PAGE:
Church: Granton – Zion Evangelical Luth. (Historic Parsonage - 2018)
Contact: Dolores (Mohr) Kenyon
Surnames: Schoessow, Hasz, Helm
----Source: Clark County Press (Neillsville, Clark Co., WI) 4/11/2018
Zion Evangelical Lutheran (Historic Parsonage renovated - 2018)
The parsonage at Zion Evangelical Lutheran Church in Granton is one of about 70,000 Sears and Roebuck mail-order houses sold in North America during the early 1900s. The church’s pastor and parishioners are working doing ongoing restoration and remodeling projects on the 1914 house.
Pastor’s family and congregation adding TLC to historic parsonage
By Scott Schultz
Houses aren’t built like that anymore. The Rev. Dan and Courtney Schoessow say they’re believers in that notion after having worked on the restoration and remodeling of their Granton home.
The Schoessows have been working during the past several years to resort and remodel the Zion Evangelical Lutheran Church’s parsonage, which is one of about 70,000 Sears and Roebuck mail-order houses built during the early 1900s.
Sears & Roebuck sold the houses between 1908 and 1940, offering about 370 designs.
“We’re blessed to live in this 1914 beauty,” Courtney said.
The house was ordered and built during the tenure of the Rev. Martin Hasz, who served the congregation from 1912-1925.
It cost $3,000, according to church records.
Bev. Helm, a longtime member of the congregation’s Parsonage Committee, said the house was ordered and built with Hasz’s relatively large family in mind.
The house was shipped in numbered pieces via train to Granton. The Hasz family moved into the parsonage after its 1914 completion.
“They don’t build buildings like this anymore,” said Helm, who over the years has spent many hours helping to maintain the parsonage.
Helm noted that a beam in the house’s attic still holds the “Sears and Roebuck” stamp, which marked the house’s origins.
The house’s uniqueness wasn’t lost on the Schoessows four years ago when Dan took a call to the church and its sister congregation, Christ Lutheran Church in Chili. Their arrival in Granton from their prior church in Texas was a homecoming of sorts, as Courtney’s parents were raised in the Chili and Granton areas and Dan was raised in Mequon.
Dan long has been a wood-working enthusiast, and the big old house seemed to be begging for a little extra tender loving care.
He said it was a good match for the couple and their three children to land in the house. Restoration work on the house also had been done in 2000 and 2003, but Dan saw some things he believed could make it even better.
Dan and Courtney – with the blessings and a good amount of backing and help from the congregation – quickly started to work on the house, beginning with its upstairs bedrooms. A full renovation of the downstairs bathroom and kitchen followed.
The Rev. Dan and Courtney Schoessow look through the service counter opening recently installed during ongoing restoration and remodeling work of the 1914 Sears and Roebuck house that serves as the Zion Evangelical Lutheran Church’s parsonage in Granton. (Photos by Scott Schultz/The Clark County Press)
Walls were opened and restored. Dropped ceilings were removed to expose the original ceilings.
Carpeting was removed to expose the original hardwood flooring, which was sanded and refinished.
“There was a lot of staples in the flooring under the carpet,” Courtney said. “We all worked many hours pulling staples. I said, ‘the family that pulls flooring staples together stays together.’”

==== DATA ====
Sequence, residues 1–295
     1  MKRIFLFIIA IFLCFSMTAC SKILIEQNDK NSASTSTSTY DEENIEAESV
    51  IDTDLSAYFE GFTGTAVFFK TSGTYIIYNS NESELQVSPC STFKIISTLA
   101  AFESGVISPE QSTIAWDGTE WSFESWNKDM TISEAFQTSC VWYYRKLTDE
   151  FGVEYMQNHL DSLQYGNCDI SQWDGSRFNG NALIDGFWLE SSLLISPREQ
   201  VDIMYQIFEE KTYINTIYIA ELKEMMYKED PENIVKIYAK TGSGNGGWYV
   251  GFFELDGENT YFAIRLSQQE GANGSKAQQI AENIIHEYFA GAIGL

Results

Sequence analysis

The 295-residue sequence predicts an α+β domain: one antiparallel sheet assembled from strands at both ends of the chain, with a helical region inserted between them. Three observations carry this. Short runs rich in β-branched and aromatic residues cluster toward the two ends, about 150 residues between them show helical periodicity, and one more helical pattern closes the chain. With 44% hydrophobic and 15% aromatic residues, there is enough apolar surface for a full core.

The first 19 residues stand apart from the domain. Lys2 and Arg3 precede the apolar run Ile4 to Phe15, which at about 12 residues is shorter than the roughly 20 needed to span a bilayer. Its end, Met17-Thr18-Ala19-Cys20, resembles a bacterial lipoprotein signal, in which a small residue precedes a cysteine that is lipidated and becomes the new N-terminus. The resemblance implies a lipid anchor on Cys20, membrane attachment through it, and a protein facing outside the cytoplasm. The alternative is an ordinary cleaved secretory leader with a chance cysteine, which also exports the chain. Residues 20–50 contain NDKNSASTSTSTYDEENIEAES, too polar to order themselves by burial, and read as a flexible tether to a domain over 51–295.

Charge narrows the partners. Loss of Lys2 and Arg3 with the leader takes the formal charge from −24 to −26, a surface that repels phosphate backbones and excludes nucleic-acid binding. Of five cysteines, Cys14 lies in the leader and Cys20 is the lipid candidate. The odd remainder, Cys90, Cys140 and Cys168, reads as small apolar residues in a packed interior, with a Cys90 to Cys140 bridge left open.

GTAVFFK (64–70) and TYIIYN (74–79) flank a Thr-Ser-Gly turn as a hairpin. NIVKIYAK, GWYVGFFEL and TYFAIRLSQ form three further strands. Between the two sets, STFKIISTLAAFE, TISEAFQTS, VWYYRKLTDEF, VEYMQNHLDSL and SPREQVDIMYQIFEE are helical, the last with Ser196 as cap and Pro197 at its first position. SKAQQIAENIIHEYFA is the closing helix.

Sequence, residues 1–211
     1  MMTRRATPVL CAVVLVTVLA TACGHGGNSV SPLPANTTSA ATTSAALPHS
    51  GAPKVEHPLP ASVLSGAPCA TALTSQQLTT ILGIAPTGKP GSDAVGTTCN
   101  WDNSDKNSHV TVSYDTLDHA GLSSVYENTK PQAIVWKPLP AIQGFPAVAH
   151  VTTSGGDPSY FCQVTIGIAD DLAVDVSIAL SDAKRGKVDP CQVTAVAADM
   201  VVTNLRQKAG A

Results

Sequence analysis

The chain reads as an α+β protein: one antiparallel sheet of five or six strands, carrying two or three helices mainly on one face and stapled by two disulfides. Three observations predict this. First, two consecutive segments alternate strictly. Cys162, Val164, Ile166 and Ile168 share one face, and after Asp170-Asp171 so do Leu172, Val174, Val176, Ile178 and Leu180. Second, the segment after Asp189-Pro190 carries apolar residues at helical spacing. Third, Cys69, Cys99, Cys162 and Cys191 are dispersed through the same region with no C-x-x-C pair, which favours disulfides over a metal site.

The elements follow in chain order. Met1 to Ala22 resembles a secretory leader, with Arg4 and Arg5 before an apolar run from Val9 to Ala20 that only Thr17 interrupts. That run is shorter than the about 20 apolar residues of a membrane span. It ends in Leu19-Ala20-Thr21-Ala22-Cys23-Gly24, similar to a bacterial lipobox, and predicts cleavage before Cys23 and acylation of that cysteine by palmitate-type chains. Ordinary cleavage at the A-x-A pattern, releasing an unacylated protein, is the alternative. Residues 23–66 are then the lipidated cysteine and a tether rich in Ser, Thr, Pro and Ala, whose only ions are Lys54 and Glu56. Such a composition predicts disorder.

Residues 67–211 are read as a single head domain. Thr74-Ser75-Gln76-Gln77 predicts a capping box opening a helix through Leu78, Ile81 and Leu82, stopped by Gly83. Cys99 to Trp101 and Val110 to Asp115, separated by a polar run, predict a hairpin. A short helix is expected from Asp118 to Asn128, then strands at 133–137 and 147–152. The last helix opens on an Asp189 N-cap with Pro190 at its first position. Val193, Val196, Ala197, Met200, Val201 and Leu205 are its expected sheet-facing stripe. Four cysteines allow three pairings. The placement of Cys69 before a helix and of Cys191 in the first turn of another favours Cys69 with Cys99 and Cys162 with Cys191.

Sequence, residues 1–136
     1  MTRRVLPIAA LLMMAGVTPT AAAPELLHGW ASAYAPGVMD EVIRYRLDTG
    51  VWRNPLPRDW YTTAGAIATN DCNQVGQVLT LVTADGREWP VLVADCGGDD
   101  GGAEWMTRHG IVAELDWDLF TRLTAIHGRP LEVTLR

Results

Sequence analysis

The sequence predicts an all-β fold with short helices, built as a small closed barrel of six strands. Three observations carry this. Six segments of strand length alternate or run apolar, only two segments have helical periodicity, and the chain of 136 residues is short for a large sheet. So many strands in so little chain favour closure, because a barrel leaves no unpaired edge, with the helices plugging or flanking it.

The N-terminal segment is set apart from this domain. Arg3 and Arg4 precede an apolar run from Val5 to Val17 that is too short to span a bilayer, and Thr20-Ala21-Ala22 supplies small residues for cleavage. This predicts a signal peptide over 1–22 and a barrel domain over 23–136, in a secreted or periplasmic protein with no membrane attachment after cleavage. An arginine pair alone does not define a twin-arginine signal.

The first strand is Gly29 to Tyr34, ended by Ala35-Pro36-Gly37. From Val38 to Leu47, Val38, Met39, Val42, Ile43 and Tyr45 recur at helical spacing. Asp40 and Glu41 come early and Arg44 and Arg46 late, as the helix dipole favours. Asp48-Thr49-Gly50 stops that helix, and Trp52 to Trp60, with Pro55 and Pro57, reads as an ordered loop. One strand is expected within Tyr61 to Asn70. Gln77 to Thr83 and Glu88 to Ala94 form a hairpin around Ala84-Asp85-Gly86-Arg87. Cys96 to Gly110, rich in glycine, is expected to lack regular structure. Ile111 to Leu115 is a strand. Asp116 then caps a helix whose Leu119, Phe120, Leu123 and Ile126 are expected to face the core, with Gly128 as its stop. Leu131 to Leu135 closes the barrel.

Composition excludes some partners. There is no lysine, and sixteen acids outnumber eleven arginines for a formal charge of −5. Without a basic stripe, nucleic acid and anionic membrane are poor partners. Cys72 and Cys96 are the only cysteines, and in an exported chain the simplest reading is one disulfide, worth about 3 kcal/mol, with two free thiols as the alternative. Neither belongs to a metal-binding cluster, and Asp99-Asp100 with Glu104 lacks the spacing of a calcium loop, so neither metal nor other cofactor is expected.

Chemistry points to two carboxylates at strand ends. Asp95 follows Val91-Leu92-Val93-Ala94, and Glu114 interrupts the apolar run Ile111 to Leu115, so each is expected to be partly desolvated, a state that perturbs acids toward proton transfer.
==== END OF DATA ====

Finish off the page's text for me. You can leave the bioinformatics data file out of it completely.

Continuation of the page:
As with carpeting and layers of linoleum that covered the hardwood floors, and Dan said several layers of wall-plaster also covered some of the house’s original walls.
“We gained inches of space in the bathroom by just removing those layers,” he said.
Removing some of the wall materials exposed more about the house’s history – where old doorways and the like existed – according to Courtney.
The Schoessows have dug through Sears and Roebuck houses’ histories and checked into some owners’ groups out of simple interest and in hope of finding the Zion Lutheran house’s original floor plans. The plans haven’t been found, though.
“We think it might actually have been two plans that were combines to make the bigger house.,” Courtney said.
During the restoration and remodeling process, Dan and the congregation have worked to match the house’s original features.
The parsonage doubles as the pastor’s office, so features such as double-pocket doors separating rooms remain important to its history and its current function.
Courtney said parishioners past and present have shared many stories about the parsonage as they’ve delved into the house’s history.
One person asked her whether an old bench remains in the main foyer, just outside the door of the pastor’s office. That person told Courtney that people used to sit on the bench and wait in the foyer for their turns at going into the pastor’s office to confess their sins.
“He said people would tell the children to be quiet, so they might be able to hear what was being said in the office,” she said with a laugh.
The bench, indeed, remains as part of the parsonage’s décor.
Another recalled how, as children, they used to race up and down the stairways on either end of the house and stocking-slide across the upstairs’ hardwood floor hallway.
Courtney said the house is important to her family but that it’s even more important to the congregation’s history and future. She recalled their Texas parish, which built a new parsonage while the Schoessows were living there.
One Texas parishioner told Courtney the house was built with her and her young family in mind.
“It was built with love, but it really was built to love our family and future families that would live there,” she said. “In the same way, we’re working on this house, so it can love our family and the families that will live here in the future.”
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